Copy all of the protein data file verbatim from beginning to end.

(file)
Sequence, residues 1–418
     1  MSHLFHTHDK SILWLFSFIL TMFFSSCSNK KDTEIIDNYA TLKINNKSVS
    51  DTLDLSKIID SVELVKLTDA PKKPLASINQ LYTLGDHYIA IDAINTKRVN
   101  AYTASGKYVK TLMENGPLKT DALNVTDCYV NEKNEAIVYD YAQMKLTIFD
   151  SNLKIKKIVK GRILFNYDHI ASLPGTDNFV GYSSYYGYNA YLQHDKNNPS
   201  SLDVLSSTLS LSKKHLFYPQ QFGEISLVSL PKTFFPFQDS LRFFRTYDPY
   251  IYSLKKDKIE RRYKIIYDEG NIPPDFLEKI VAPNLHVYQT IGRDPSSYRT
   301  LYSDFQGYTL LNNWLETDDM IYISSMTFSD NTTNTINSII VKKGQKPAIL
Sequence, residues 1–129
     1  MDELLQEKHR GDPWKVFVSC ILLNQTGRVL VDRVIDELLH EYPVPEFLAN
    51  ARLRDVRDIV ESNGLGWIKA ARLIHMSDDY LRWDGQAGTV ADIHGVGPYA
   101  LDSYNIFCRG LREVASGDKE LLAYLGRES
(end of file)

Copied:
Sequence, residues 1–418
     1  MSHLFHTHDK SILWLFSFIL TMFFSSCSNK KDTEIIDNYA TLKINNKSVS
    51  DTLDLSKIID SVELVKLTDA PKKPLASINQ LYTLGDHYIA IDAINTKRVN
   101  AYTASGKYVK TLMENGPLKT DALNVTDCYV NEKNEAIVYD YAQMKLTIFD
   151  SNLKIKKIVK GRILFNYDHI ASLPGTDNFV GYSSYYGYNA YLQHDKNNPS
   201  SLDVLSSTLS LSKKHLFYPQ QFGEISLVSL PKTFFPFQDS LRFFRTYDPY
   251  IYSLKKDKIE RRYKIIYDEG NIPPDFLEKI VAPNLHVYQT IGRDPSSYRT
   301  LYSDFQGYTL LNNWLETDDM IYISSMTFSD NTTNTINSII VKKGQKPAIL
Sequence, residues 1–129
     1  MDELLQEKHR GDPWKVFVSC ILLNQTGRVL VDRVIDELLH EYPVPEFLAN
    51  ARLRDVRDIV ESNGLGWIKA ARLIHMSDDY LRWDGQAGTV ADIHGVGPYA
   101  LDSYNIFCRG LREVASGDKE LLAYLGRES